Paul Douglas is a nationally respected meteorologist with 33 years of television and radio experience. A serial entrepreneur, Douglas is Senior Meteorologist for WeatherNation TV, a new, national 24/7 weather channel with studios in Denver and Minneapolis. Founder of Media Logic Group, Douglas and a team of meteorologists provide weather services for media at Broadcast Weather, and high-tech alerting and briefing services for companies via Alerts Broadcaster. His speaking engagements take him around the Midwest with a message of continuous experimentation and reinvention, no matter what business you’re in. He is the public face of “SAVE”, Suicide Awareness, Voices of Education, based in Bloomington. | Send Paul a question.

Light Snow Saturday; Much Needed Western Precip

Posted by: Paul Douglas Updated: February 7, 2014 - 12:11 AM

Help I am suffering from a severe case of GDS, also known as Golf Deprivation Syndrome. It typically sets in after the first of the year and has been known to last until May, but generally subsides as the snow pack melts in the spring. I am hoping that a certain avid golfer and common voice on midday radio can suggest any remedies to help alleviate this particularly debilitating disorder. Thanks!

A recent report from NOAA suggested that 76% of the Great Lakes were covered in ice; possibly the most ice we've seen in nearly a quarter of a century! Greater ice quantities have long term effects into the upcoming 'warm' season as it keeps lake levels higher. Not only will future shipping traffic benefit from this cold, but researchers are encouraged by the possibility of adding new DNA into a declining wolf population on Isle Royale. Researchers say only 8 inbred adult wolves remain, so the ice bridge from Ontario to Isle Royale could be the ticket for a sustainable population there.

Our stubborn cold continues into next week. There's a slight chance of fluffy snow across southern Minnesota Friday night into Saturday. We could actually back back to 20F by next week! Minnesota heat wave?

-Todd Nelson

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FRIDAY: Stubborn cold continues. High: 11. Feels Like: -20F early. Winds: SW 10

FRIDAY NIGHT: Increasing clouds, light snow overnight. Dusting to up 1" by morning. Low: -1.

SATURDAY: Light snow, mainly southern MN. 1" to 2" possible. High: 15

SUNDAY: Clearing, turning colder. Wake-up: -7. High: 3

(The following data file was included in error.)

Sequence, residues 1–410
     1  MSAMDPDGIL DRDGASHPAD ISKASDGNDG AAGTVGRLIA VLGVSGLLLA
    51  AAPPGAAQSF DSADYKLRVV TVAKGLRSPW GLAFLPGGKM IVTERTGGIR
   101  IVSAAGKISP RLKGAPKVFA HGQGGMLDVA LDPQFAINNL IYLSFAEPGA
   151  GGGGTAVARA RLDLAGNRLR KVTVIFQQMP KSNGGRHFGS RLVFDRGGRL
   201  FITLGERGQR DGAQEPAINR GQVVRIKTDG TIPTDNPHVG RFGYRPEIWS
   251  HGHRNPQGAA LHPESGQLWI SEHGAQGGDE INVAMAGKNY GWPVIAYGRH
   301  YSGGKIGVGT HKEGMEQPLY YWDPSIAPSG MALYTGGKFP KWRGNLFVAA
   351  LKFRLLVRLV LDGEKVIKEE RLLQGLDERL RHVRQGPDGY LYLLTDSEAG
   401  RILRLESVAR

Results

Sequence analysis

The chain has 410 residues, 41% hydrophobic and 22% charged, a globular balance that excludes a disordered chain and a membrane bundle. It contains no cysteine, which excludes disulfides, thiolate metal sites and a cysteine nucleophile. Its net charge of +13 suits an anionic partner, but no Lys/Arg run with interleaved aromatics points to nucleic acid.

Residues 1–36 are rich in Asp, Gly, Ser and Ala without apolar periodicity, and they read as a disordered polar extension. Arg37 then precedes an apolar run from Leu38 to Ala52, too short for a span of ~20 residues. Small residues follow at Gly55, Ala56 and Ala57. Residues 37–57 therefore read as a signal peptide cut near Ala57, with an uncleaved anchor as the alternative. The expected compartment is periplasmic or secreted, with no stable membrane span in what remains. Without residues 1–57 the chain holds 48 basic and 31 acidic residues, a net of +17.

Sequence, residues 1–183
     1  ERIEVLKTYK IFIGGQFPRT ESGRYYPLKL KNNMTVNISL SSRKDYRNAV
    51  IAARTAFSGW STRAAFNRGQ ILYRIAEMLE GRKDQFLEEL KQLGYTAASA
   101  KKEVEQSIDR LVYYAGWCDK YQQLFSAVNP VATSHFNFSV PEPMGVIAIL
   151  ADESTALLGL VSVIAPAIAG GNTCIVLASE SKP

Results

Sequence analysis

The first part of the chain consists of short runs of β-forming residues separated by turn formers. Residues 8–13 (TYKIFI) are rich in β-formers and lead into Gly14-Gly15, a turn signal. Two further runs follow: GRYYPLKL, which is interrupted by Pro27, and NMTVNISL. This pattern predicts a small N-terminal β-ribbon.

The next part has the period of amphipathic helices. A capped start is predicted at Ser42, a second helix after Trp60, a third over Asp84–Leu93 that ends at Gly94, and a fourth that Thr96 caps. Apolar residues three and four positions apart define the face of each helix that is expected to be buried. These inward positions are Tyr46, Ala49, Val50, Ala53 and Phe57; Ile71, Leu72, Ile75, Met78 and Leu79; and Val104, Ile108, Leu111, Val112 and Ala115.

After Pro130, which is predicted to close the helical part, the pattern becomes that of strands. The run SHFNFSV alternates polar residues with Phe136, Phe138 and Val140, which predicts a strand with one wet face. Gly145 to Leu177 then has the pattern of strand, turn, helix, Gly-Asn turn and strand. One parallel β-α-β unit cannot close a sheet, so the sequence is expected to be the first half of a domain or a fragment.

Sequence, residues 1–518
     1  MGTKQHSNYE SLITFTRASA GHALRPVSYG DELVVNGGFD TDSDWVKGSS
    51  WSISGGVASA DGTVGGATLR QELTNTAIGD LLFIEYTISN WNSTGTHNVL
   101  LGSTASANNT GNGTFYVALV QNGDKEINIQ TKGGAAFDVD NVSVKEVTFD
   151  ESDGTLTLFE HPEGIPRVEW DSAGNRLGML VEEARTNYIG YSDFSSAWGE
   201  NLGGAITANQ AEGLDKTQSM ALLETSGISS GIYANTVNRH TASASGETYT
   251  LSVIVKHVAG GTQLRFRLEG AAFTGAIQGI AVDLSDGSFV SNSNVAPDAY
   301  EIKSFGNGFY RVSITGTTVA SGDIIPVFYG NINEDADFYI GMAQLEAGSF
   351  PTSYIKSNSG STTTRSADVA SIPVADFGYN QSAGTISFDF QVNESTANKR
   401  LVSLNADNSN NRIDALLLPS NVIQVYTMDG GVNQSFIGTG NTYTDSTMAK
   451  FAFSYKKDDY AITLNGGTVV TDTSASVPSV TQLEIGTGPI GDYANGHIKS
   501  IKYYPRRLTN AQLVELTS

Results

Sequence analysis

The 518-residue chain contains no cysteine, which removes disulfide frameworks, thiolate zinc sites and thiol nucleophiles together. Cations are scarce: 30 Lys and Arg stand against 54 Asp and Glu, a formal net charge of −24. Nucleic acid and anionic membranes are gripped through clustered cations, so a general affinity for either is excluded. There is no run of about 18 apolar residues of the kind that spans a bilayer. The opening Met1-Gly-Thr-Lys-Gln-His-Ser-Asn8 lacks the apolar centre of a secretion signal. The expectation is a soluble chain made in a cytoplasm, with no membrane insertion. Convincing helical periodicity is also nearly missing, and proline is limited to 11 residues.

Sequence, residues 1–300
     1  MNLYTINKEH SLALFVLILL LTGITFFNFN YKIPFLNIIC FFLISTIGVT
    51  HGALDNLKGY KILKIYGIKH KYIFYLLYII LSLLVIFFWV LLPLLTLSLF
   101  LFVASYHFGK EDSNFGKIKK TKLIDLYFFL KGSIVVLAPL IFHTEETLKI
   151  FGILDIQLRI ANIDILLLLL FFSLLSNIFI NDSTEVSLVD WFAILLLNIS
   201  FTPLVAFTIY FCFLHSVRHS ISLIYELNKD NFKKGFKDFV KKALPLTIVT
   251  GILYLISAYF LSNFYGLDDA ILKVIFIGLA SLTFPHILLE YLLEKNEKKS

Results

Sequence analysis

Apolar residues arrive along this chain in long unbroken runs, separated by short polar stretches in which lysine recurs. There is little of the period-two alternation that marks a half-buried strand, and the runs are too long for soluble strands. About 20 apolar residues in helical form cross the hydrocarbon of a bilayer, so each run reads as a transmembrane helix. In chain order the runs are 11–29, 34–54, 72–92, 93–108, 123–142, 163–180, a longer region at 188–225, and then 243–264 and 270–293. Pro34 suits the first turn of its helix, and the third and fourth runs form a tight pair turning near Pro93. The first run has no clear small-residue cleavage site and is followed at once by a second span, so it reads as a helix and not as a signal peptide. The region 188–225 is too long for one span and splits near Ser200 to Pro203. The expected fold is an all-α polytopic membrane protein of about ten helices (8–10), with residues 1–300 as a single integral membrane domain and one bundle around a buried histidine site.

MONDAY: I have golf deprivation syndrome. Wake-up: -14. High: 0.

TUESDAY:  More clouds, light snow late? Wake-up: -12. High: 10.

WEDNESDAY: Warmer. Active pattern returns. Wake-up: 4. High: 22.

THURSDAY: Brisk wind. Wake-up: 10. High: 15.

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Minneapolis Temp Trend

Hey look! It's a miniature temperature spike on Saturday! Thanks to a little snow chance moving through the Upper Mississippi Valley, we could actually get close to 20F again. Note how temperatures look to dip again after the system passes. It'll be a cold start next week.

Snow Chances Return

A quick moving system will skirt across southern Minnesota Friday night into Saturday. It appears that light fluffy accumulations will be possible across the southern part of the state.

Snow Potential

Here's a quick look at snowfall potential through Sunday. Keep in mind that the best chances for accumulations would be from PM Friday into Saturday. This particular model is printing out close to 2" to 4" of fluff in light blue from SE Minnesota through much of Wisconsin and Lower Michigan.

Great Lakes Ice

A recent report from NOAA suggests that nearly 76% fo the Great Lakes was covered in ice on February 5th. The dark colors indicate ice coverage. Note that Lake Superior, Huron and Erie seem to be 'mostly' covered! This could perhaps be the most Great Lakes coverage in nearly a quarter of a century!

Visible Satellite of Ice on Superior

Here's a NOAA visible satellite image of Lake Superior taken on February 3rd. Note the big ice chunks over the central and eastern part of the lake. According to NOAA's Great Lakes Coastal Forecasting System, nearly 90% of Lake Superior is covered in ice!

Bayfield Ice Caves Are Quite Popular

With all the ice on Lake Superior, the Bayfield Ice Caves are pretty popular this year! Take a look at this story from Circle Tour Adventures... Apparently, nearly 6000 people visted the Ice Caves last Saturday!

"This photo ran on the front page of the Ashland Daily Press today. To be frank, I’m a bit stunned. The National Park Services estimates that 6,000 people visited the mainland Sea Caves on Saturday alone. In big cities, this number might seem insignificant. But you have to remember that I live in a county with no stoplights and a TOTAL population of 15,000. In other words, this is insane."